The controls in FFXV Pocket Edition are simple and work well, though I wish there was more options for movement. Instead of having a ground-level view, it's more of a top-down, action-game perspective like Diablo III or Kingdom Hearts. You tap where you want to go, or keep your finger on the screen to move continually in that direction. Honestly, I wish that there was a virtual joystick for movement, as it would feel much better and I don't have my hand blocking my view.
When there are NPCs that you can interact with, such as through conversation or shopping, you just tap on the button above their character sprite.
Combat has been simplified, and I'm ever so grateful for this. You only control Noctis, while the computer controls Prompto, Ignis, and Gladiolus. When you tap on an enemy, Noctis will go towards it and automatically attack with his weapon. If you can block or parry, an action button appears on the screen, and you just tap it. Noctis can have a few different weapons equipped at the same time, and you just tap on the one you want to use in the bottom right corner.
Noctis' Warp Strike technique still plays a central part of FFXV Pocket Edition, and it's much easier in this version. To do a Warp Strike in battle, just long tap on the foe you want to strike. Doing the Warp Strike on enemies can surprise them and break their defenses, leaving them vulnerable. To get to higher ground, a Warp Anchor button appears, and all you need to do is tap it. Then you can do surprise Warp Strikes on unsuspecting enemies, which kill them instantly.
Unlike previous Final Fantasy games, you don't gain your experience points right away and level up after battles. Instead, you'll have to complete quests before all of the accumulated experience is accounted for, and then you level up. As you gain levels, you earn AP, which can be spent on combat abilities so your team is stronger in battle.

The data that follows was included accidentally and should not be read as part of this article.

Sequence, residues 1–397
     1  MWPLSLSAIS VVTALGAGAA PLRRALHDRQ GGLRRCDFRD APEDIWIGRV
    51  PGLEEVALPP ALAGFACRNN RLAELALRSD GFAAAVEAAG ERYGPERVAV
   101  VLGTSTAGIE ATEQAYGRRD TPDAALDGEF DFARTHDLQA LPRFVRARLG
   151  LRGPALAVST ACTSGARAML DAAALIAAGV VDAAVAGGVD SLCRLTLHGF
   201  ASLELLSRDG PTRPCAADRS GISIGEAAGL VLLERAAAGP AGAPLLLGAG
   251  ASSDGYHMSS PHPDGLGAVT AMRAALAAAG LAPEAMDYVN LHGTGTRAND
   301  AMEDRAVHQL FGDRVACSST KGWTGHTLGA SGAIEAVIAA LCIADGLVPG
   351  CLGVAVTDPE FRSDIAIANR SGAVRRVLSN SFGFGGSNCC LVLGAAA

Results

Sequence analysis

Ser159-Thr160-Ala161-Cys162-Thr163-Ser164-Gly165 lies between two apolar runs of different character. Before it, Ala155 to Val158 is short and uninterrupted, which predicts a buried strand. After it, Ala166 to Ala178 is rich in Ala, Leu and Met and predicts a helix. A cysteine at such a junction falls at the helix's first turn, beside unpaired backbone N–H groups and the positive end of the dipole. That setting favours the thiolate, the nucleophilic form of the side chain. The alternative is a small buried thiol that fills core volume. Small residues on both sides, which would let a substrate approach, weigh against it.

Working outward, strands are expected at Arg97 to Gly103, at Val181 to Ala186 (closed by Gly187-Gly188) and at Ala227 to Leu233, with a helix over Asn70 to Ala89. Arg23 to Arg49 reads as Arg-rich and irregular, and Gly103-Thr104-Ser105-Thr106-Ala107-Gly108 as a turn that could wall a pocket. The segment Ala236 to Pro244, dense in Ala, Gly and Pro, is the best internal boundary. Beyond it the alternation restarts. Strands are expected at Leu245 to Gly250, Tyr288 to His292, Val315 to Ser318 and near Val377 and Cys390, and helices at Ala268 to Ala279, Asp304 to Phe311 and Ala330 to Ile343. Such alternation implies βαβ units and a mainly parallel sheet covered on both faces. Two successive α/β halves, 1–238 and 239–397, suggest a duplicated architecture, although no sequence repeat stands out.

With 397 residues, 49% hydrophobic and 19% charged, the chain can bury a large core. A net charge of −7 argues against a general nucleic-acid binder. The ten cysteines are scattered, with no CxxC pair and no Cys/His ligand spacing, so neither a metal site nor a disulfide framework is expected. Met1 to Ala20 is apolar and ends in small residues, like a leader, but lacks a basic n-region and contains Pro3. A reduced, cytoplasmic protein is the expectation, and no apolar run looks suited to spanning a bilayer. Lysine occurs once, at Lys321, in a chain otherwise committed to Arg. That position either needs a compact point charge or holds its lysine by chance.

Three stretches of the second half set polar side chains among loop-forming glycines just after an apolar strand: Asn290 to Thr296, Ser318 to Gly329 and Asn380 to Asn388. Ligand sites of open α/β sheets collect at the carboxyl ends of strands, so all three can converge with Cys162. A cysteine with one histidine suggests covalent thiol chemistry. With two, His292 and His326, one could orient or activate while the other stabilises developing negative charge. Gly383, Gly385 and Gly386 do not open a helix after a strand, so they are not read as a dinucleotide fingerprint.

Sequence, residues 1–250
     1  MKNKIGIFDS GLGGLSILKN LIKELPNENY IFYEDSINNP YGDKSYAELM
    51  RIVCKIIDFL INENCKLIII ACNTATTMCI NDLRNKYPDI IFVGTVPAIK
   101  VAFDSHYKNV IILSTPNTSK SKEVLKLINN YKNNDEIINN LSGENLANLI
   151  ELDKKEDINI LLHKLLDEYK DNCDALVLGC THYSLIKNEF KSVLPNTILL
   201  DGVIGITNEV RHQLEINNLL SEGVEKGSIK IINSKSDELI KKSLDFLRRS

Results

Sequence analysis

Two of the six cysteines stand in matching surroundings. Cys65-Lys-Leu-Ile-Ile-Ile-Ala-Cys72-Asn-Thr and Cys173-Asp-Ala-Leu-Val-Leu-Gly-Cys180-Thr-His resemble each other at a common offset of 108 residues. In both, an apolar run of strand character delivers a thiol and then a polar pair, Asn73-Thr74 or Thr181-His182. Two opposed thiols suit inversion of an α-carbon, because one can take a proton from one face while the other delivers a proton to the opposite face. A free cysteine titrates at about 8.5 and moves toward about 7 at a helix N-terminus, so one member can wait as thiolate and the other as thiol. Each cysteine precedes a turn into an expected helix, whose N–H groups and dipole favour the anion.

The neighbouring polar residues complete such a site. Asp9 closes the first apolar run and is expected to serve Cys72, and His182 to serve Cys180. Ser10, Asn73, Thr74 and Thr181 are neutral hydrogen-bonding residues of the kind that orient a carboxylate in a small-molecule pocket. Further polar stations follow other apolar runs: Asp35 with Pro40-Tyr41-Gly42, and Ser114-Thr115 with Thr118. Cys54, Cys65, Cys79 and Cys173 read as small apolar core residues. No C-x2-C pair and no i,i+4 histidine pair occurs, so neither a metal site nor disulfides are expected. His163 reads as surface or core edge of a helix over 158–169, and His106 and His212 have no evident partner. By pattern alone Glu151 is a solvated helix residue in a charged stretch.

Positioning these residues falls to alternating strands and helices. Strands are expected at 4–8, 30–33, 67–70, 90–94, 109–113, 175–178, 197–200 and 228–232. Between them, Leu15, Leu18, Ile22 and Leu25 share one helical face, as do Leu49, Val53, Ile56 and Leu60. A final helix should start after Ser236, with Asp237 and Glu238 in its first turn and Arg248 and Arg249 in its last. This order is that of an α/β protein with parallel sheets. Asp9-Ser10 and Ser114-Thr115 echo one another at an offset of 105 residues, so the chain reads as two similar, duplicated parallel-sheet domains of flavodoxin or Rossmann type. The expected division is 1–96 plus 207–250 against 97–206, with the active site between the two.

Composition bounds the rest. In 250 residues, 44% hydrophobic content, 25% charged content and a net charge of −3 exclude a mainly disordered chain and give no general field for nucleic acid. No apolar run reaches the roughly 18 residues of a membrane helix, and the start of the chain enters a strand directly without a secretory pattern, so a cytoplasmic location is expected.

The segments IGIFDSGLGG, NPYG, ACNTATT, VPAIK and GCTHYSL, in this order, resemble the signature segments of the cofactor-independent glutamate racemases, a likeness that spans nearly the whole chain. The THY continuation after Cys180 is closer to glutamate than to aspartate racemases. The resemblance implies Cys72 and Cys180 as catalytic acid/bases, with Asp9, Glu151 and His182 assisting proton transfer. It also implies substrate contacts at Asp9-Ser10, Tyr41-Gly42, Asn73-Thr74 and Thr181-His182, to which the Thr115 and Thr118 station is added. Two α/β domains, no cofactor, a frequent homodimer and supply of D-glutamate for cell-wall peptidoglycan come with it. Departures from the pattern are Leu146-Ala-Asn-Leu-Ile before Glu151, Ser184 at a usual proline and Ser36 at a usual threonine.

And again, don't forget about cooking! Recipes are vital in FFXV, and Pocket Edition is no different. But like combat, it's been simplified too. You'll get side quests that involve searching for some ingredients (golden shiny drops), and after you acquire them all, the recipe becomes available. You'll want to cook whenever you're resting at camp, as food grants your team some benefits in battle, like better health recovery.
The story of Final Fantasy XV has been redone for mobile devices.
Final Fantasy XV Pocket Edition is a surprisingly good time. Even if you've played the original, or have yet to get through it, Pocket Edition differentiates itself in a variety of ways. Namely, it streamlines everything so you can get through the story easier, and the combat is so much better. And there's something charming about the chibi, low-poly graphics that makes it hard to resist.
The first chapter provides a great example of what to expect from the full game. The other chapters are pretty reasonably priced, and if you think about the full chapter bundle, it's about what you'd expect for a full-fledged Square Enix Final Fantasy game on mobile.
The only thing that bothers me about the game is the controls for moving around. I hate that my hand is blocking my view, and I'd prefer to play this using two hands. So to me, having a virtual joystick would make more sense for movement. Hopefully this can be changed in the future.
I played through the first chapter of FFXV Pocket Edition, and I'm getting much more enjoyment out of this than the console version so far. I wasn't expecting to like the game this much, but it's won me over with the cute and endearing, slightly deformed character models and vastly improved combat system. I've already gotten farther in just the first chapter than the console version, and that's saying something. The dialogue matching up is also impressive.
Whether you've played FFXV or not, this is a great port that's exceeded my expectations.
Final Fantasy XV Pocket Edition is on the App Store as a universal download for free. You can purchase the other chapters as a complete bundle for $19.99, or individually at $0.99 or $3.99 each.